Consumer Guide Album
The Streets: Original Pirate Material [Vice, 2002]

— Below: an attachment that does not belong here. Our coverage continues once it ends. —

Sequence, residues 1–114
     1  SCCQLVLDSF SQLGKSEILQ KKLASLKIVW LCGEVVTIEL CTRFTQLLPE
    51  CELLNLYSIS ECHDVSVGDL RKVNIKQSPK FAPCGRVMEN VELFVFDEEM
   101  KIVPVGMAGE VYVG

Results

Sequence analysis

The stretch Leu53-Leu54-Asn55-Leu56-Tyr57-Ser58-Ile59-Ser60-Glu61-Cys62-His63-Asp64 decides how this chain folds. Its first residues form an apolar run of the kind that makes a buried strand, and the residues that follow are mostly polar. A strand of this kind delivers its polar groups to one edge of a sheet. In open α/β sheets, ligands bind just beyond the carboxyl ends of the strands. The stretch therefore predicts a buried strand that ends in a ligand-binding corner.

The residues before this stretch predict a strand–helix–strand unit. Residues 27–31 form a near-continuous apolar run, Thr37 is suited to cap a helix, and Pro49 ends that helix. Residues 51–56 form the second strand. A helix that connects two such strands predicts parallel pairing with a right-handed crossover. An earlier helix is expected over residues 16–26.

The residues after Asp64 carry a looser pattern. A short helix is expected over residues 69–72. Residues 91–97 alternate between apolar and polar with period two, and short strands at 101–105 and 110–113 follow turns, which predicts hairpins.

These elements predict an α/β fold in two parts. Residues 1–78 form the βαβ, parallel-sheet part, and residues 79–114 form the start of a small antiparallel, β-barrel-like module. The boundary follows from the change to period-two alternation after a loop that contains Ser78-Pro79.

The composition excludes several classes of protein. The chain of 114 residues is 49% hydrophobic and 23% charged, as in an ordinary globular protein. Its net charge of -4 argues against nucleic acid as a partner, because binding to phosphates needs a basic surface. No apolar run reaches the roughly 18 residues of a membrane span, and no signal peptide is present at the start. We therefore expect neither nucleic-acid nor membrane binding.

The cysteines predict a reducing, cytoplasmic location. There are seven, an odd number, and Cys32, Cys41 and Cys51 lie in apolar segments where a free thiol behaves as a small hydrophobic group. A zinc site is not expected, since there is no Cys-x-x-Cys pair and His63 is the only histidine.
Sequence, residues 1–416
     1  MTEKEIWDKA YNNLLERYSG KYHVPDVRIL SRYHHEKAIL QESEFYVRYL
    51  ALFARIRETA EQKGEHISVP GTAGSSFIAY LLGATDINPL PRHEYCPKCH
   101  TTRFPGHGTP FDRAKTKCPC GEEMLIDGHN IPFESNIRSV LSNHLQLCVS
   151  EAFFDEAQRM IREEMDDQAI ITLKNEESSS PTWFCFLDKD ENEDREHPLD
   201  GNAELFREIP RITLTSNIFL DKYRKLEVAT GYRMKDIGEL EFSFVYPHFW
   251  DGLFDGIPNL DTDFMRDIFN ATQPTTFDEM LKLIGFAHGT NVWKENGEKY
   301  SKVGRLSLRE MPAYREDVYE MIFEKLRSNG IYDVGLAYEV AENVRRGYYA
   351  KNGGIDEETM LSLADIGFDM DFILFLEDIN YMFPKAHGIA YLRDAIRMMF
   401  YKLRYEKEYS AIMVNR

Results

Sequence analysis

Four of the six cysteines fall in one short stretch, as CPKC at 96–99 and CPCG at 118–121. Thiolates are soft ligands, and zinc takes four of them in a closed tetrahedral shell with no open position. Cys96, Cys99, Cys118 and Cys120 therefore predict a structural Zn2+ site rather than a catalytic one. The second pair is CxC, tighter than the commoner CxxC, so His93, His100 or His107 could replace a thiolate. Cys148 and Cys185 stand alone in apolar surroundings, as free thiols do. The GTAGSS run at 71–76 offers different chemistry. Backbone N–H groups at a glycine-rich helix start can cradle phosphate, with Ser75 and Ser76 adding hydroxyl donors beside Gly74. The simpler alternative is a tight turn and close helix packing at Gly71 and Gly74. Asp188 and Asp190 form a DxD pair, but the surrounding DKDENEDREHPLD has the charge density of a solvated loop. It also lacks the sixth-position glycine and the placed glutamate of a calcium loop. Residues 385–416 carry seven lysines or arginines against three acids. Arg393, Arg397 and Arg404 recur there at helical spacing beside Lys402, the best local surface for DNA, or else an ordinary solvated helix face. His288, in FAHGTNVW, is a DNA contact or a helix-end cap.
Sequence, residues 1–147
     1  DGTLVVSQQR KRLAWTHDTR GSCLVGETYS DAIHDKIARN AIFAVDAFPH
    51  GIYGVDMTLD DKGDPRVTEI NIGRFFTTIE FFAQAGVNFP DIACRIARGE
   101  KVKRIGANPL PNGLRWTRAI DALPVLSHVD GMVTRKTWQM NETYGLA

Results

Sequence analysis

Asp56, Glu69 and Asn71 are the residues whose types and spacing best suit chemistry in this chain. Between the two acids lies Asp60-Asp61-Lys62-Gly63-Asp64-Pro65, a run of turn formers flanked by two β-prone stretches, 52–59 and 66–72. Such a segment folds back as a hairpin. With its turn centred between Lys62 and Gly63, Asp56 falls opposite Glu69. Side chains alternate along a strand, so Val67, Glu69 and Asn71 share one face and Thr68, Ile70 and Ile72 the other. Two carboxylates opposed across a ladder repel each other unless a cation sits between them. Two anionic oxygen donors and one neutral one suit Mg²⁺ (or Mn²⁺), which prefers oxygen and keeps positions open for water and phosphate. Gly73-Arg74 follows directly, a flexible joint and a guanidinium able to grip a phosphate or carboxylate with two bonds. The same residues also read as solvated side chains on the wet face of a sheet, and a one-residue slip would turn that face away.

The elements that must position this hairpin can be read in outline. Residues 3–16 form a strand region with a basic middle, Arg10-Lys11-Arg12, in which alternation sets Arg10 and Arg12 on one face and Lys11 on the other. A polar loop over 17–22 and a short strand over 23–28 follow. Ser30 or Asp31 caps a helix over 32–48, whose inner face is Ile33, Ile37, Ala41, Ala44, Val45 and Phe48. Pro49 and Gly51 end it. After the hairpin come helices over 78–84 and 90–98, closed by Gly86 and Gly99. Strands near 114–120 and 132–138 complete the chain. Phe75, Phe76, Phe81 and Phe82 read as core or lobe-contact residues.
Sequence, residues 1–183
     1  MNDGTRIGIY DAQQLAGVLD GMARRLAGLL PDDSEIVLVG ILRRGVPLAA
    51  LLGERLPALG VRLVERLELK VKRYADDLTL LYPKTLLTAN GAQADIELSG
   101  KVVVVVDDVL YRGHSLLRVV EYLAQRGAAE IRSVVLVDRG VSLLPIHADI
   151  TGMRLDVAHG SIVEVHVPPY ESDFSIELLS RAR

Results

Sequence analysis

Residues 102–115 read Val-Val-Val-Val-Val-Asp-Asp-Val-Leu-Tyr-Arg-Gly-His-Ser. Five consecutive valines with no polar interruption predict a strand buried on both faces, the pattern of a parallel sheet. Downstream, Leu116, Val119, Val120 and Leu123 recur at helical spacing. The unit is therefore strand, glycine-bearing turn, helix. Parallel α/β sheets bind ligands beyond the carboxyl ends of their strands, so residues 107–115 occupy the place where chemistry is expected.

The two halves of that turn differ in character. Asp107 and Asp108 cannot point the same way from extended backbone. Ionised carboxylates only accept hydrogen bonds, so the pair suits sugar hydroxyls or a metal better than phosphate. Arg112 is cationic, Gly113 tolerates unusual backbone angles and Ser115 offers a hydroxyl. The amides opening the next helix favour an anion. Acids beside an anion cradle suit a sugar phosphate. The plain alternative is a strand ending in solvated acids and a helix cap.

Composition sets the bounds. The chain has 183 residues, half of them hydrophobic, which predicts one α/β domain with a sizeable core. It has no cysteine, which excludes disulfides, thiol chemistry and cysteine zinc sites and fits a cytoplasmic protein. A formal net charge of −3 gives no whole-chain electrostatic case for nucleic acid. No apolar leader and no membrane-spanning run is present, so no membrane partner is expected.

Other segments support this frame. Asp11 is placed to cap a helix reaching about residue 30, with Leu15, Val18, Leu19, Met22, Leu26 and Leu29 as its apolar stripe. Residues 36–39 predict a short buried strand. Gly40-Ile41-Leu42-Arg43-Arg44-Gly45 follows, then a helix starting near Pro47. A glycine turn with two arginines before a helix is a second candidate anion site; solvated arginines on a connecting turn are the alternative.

This succès d'estime--"cult classic, not bestseller," he says it himself--ventures closer than you'd hope to the ignoramus whine that hip hop isn't music. More even than in our underground, it settles for rhymes-with-accompaniment. In England, where the garage Mike Skinner claims to "push forward" is techno's last big thing, he may be the answer to "Who Got the Funk?" By the parochial standards of the Neptunes and Timbaland, however, his beats perk up mostly when he skanks them. As for his realism, I took it more seriously once he claimed he'd be in museums 500 years from now. All I know about his education is that he name-checks Carl Jung, but the streets he represents are a literary creation. Sometimes they rock, definitely. But sometimes words fail him. There's plenty of detail, and feeling too--not just anger, tenderness. By my parochial standards, however, his one cult classic thus far is "Too Late," where he loses the girl because he doesn't know how to keep an appointment.